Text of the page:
Monday, January 17, 2011

OA Sound Bin

The boys also worked with a sound bin today for the sound "oa" as in "boat." I put together a basket full of objects for them to explore together. I don't like to be handcuffed to the idea of only using "miniatures" for these types of activities. I tend to use a larger basket now then I used in the beginning and just throw in full-sized items. I am also not ashamed to use a picture once in a while. They are not as engaging but as long as there are only one or two they provide an opportunity to teach some new vocabulary and fill out a collection for a difficult sound. For example, I don't think I had ever used the word "loaf" with the boys before today.

The "oa" bin contained the following: coat, loaf, boat, toad, goat, toast, oats, soap (to the left of the coat cut off a bit). I wanted to include "foam" but couldn't find a piece when I wanted it and all the pictures on line were more of "sea foam" which the boys would keep trying to call "bubbles."

The downside of using "real items" is that Kal-El keeps trying to put them away. He put the soap back in the bathroom at least three times and kept complaining that the bear that usually wears the "coat" was crying because he was cold.

Kal-El and Me Too are at different stages with this type of thing but it is still possible to do the activity partially together if I plan ahead. FIRST I took Kal-El aside and showed him the double sandpaper letter "oa" and told him we were going to look at some objects together that use that sound. THEN I invited Me Too to join us (he is not ready for the written symbol). After we were done looking through the bin Kal-El went away and pulled out the sand tray to write "oa" ...

...while Me Too and I played "I Spy" with the box of objects.

When Me Too was ready to move on to something else I gave Kal-El a presentation on how to use two different-colored alphabets to practice building words that have a double-letter sound in them. I started by setting out the "oa" combination several times on the mat and Kal-El chose objects to put next to them. We did the first one together and he took over after that. He was less than halfway through "toast" however when he lost interest in this and decided to start writing his own words (not containing "oa"). That is what the movable alphabet is supposed to be for in the first place so I left him alone. I needed to give a presentation on using the alphabets together and I did that. He now has the information for another day.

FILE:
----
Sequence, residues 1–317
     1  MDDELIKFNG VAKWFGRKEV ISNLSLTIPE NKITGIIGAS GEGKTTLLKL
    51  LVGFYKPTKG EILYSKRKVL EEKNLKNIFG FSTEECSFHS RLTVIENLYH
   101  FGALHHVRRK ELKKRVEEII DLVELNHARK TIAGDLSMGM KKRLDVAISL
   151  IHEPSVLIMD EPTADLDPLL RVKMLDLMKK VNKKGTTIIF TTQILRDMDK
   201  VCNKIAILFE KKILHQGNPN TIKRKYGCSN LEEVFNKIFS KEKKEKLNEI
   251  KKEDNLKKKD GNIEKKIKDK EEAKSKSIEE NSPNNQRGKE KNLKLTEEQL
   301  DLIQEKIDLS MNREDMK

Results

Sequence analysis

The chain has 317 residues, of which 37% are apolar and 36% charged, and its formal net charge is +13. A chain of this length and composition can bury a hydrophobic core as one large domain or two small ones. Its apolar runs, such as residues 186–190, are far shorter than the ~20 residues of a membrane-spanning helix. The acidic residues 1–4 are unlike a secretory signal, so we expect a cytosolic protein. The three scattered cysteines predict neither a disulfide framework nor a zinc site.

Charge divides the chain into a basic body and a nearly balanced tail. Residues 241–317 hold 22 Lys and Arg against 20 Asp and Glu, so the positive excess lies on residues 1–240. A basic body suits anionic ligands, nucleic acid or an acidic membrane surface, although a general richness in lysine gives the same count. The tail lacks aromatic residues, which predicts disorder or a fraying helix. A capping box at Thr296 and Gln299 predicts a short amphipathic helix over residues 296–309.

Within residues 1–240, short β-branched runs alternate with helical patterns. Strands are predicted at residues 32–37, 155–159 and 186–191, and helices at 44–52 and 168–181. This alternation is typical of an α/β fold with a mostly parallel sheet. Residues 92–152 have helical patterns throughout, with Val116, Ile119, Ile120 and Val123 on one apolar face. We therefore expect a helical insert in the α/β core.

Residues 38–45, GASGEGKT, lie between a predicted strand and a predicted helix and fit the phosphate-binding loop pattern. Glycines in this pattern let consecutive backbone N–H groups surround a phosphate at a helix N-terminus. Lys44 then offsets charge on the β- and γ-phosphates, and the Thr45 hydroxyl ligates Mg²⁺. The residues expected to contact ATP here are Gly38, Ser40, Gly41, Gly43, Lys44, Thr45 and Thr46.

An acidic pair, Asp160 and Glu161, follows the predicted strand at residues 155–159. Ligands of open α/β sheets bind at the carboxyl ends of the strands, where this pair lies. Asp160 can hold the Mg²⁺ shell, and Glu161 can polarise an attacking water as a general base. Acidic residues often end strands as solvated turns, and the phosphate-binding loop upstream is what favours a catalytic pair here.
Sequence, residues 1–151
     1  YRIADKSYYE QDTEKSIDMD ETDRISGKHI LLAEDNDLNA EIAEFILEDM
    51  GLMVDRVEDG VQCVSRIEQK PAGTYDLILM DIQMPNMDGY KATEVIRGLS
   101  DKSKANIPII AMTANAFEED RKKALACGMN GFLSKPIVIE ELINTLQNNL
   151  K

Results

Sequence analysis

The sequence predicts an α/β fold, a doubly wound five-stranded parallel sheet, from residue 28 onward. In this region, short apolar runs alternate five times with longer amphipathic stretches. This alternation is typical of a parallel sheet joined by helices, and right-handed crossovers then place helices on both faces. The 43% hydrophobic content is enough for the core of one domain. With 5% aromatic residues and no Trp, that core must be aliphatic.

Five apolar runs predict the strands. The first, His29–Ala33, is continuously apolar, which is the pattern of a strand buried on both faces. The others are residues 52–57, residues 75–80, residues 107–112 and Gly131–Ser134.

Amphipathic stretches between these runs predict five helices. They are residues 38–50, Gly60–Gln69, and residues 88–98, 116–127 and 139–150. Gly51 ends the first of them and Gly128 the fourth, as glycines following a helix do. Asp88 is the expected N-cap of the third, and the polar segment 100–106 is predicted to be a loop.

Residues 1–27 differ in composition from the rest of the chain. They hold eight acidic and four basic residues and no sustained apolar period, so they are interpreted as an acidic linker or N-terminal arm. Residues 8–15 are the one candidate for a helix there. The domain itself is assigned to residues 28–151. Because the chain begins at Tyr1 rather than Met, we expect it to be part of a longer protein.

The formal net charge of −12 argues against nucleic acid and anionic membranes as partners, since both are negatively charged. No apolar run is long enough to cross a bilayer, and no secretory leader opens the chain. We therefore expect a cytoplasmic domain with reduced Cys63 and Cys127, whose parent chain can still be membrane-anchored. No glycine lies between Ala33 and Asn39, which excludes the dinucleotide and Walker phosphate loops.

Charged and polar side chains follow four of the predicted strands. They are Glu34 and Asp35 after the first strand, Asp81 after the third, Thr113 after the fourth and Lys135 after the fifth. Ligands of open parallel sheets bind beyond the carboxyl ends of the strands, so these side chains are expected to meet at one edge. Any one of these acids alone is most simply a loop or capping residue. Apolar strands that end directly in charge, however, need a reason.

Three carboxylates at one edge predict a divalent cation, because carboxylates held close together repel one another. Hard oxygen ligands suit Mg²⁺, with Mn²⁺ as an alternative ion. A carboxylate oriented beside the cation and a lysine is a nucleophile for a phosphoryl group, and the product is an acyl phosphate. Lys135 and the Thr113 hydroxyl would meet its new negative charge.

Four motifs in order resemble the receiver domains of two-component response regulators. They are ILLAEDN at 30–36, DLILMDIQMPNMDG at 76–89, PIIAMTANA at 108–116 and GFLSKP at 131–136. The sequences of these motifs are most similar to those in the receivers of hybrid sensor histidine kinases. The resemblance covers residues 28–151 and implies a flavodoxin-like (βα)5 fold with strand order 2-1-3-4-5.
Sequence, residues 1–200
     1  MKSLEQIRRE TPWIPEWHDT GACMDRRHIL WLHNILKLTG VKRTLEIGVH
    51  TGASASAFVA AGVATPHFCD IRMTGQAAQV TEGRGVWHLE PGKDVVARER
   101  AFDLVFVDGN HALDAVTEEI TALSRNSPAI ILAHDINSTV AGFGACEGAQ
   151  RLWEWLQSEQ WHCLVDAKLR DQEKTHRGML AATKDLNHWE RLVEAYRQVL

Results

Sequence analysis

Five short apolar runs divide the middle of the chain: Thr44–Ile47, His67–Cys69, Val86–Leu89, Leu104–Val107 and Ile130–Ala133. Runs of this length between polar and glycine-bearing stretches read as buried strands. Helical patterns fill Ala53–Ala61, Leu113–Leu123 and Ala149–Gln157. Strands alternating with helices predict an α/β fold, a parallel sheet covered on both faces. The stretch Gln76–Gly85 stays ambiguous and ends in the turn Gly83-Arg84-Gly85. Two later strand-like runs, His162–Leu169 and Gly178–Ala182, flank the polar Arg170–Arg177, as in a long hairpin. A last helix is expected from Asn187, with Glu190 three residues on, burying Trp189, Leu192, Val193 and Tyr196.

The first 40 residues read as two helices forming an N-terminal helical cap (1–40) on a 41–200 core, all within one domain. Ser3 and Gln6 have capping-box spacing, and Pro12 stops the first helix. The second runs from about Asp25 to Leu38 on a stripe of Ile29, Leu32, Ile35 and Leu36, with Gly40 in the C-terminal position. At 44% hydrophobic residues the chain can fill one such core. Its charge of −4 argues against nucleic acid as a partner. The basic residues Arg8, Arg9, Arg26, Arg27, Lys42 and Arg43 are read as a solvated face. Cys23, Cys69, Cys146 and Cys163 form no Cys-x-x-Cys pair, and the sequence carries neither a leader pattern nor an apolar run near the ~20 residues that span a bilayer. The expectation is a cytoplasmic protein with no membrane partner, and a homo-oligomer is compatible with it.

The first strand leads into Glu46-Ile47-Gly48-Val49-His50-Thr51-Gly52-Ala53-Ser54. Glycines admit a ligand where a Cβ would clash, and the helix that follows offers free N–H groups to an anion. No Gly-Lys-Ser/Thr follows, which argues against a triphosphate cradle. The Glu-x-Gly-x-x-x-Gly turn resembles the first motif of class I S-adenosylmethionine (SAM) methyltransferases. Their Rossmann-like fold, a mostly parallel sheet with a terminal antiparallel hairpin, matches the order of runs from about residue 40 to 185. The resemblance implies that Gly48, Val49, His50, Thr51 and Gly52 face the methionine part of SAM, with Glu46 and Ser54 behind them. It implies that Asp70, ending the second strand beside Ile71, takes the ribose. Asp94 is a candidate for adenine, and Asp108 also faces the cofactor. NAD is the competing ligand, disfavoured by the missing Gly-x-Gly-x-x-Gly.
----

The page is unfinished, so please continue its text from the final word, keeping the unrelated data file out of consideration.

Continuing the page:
He wrote "superhero" words like "tic" (one of the X-men?) and "zap" (a superhero sound). I was really happy he chose to write a word with the letter "z." This bodes well for his future Scrabble skills.


  1. I think this is a great idea you came up with using the larger sound items. Bigger items for bigger words! Your school day looks like a lot of fun. I am going to try this idea of yours. Thank you for sharing.

  2. Can you explain more about
    "sound bins" and how you use
    and store them?

  3. Kathy,

    "Sound Bins" is actually one of my "tags" so if you click on the tag you'll find all my posts to date about them (I may have forgotten to tag a couple).

    Here's a link to my original post about them:

    Two main things that have changed since that post. (1) I am now stricter about not exposing Me Too to the written symbol so I now put that part of the work on the shelf separately. I'll try to explain that further later this week. I still put the two little magnet letters on the outside of the object box just as a "label." I keep 3-4 baskets on the shelf at once and Me Too needs some kind of identifier on the outside of the basket as a visual cue to which ones he has done in a certain day. I think it would be frustrating to pull an unlabeled basket off of the shelf and bring it to your rug thinking it was a new one just to get it there and realize you did it ten minutes ago.

    (2) is that Karen Tyler's course only does these for initial sounds and for single letter sounds. I also do these for double letter sounds and for those don't limit it to the initial sound. I also create supplemental sound sorts using single letter sounds in different positions. I have said several times on the blog that I think the Tyler course is weak on aural prep.

    I don't store them as a unit when they are not on the shelf. All the components come from my materials collections and I just re-assemble them as needed. I know that Karen Tyler keeps them all assembled in ziplocks in a box. That might make sense for a school but not for us at home.